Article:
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But the areas OAB, OBD are areas traced out by OP in any two equal intervals; so that OP traces out equal areas in equal intervals. Q. E. D.
146. PROP. A point P is moving with uniform velocity u velos, (so that the line OP joining P to a fixed point O is tracing out equal areas in equal intervals); at a certain instant the velocity of P receives a certain addition of w velos, in the direction PO; it is required to prove that such an addition of z'elocity does not alter the rate at which OP is tracing out
Let the point P be moving with u velos along AB.
When P is at B let it receive an additional velocity w velos represented by BK, where BK produced passes through 0.
Complete the parallelogram BKRH; then the subsequent path of P is along BR, with velocity v velos represented by BR.
Let AB = ut ft.; produce AB to D, making BD=AB; through D draw DC parallel to BK; then BC = vt ft.; so that AB and BC are the distances passed over by P in equal intervals of t seconds, just before and just after, the addition of the velocity w velos. Also AOB and BOC are the areas traced out in the same equal intervals.
But the area BOC = BOD, since CD is parallel to OB; and the area BOD= AOB, for AB=BD.
Therefore, the area BOC= AOB.
That is, the area traced out by OP in any two equal intervals just before and just after the addition of the velocity BK, is the same.
In other words, the rate at which OP traces out area is unchanged. Q. E. D.
147. PROP. The converse of Art. 146. If a point P, moving with uniform velocity u velos along AB, receive an additional velocity when it is at B, in such a manner that the rate, at which the line joining P to some fixed point o traces out area, is unchanged, then this additional velocity must be in the direction BO.
Let AOB and BOC be the areas traced out by OP in equal intervals of t seconds. Produce AB to D, making BD=AB.
Let BH represent u velos; let BR represent the resultant velocity; then HR represents the additional velocity; and since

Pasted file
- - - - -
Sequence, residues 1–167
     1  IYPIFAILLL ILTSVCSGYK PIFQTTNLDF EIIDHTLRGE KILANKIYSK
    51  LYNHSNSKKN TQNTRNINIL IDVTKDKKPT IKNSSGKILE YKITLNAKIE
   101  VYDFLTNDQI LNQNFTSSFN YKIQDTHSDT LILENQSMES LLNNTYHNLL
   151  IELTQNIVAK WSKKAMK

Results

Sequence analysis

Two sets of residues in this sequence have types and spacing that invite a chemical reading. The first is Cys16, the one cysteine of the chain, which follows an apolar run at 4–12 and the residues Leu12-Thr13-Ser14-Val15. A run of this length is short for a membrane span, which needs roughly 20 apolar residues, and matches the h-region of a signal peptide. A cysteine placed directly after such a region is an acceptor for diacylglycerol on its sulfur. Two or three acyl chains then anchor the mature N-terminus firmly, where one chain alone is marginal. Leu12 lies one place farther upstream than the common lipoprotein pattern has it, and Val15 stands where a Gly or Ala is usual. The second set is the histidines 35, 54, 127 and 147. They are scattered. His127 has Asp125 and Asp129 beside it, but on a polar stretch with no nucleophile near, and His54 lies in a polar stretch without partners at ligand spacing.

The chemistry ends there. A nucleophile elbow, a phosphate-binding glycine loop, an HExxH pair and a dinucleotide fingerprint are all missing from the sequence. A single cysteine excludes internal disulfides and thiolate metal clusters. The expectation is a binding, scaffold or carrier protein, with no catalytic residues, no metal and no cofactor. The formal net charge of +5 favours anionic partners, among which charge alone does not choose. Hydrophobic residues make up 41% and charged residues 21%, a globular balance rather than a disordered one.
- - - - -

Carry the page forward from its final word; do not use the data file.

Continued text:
BD = AB = ut and BC = vit, HR is parallel to DC.
But by hypothesis, the area OBC= AOB, and the area AOB = OBD. Therefore the area OBC = OBD.
Wherefore DC is parallel to BO.
But the additional velocity at B is parallel to DC and therefore is in the direction BO. Q. E. D.
148. It follows from the proposition of Arts. 146 and 147, that when the velocity of a moving point Preceives any series of additions each of which is such that it is in the direction of the line joining P at that instant to a fixed point 0, then the line OP traces out equal areas in equal intervals.
149. And conversely, if the line joining a moving point to a fixed point o traces out areas at a constant rate per second, then whatever addition is made to its velocity that addition must always be in the direction which PO has at that instant.
150. This is true whether the additional velocities are large or small and whether the intervals are large or small.
151. Suppose now that a force of any magnitude acts on a particle P of mass m, so that the force is always in the direction of the line joining P to a fixed point 0.
Newton imagines this force to be the limit of a series of small instantaneous impulses acting on the particle at small intervals. These impulses will each be along the line joining P to 0 at the instant of its action. Accordingly these impulses will generate small additional velocities in the particle, each velocity being in the direction PO.
Therefore however small and however frequent these impulses are, the rate at which OP traces out area will be unaltered by them.
Hence, when a particle P is acted on by a force which always is directed towards a fixed point O, OP traces out equal areas in equal intervals.
152. The converse is also true. If the motion of a particle P is such, that the line OP joining P to a fixed point 0, traces out equal areas in equal intervals, then whatever force acts upon P, the direction of this force must always be towards O.
1. Prove that a mass which is describing a circle with uniform speed, is acted on by a force whose direction tends always towards the centre of the circle.
2. Kepler observed that the line joining the centre of the sun S to any one of the planets P, traces out equal areas in equal intervals ; what is the direction of the force under which the planets are moving?
3. Prove that a Planet moves faster when nearest the Sun than when it is furthest from the sun.
153 When we speak of the distance of a point, we must always fix upon another point from which that distance is to be measured.
So when we speak of the velocity of a point P (that is, of the rate of increase of the distance of the point P), we must again fix upon some point o from which the distance which increases is to be measured.
Thus the velocity of a point is a relative term only.
154. When the point O, from which the distance of P is measured, is at a distance from another point O', then the distance of P from O' is the resultant of the distances of P from O and of O from O'.
Similarly, when P has velocity relatively to 0, and O a velocity relatively to O', then the velocity of P relatively to O is the resultant of those two velocities.
For example, when we speak of the velocity of a railway train we mean its velocity relative to some point on the earth's surface. The surface of the earth is itself in rapid motion.
155. When a number of points have, besides their own proper motion, a velocity common to each of them, this common velocity has no effect on the relative distances, after any interval, of the points from each other.
156. The same is true of an acceleration common to a number of points.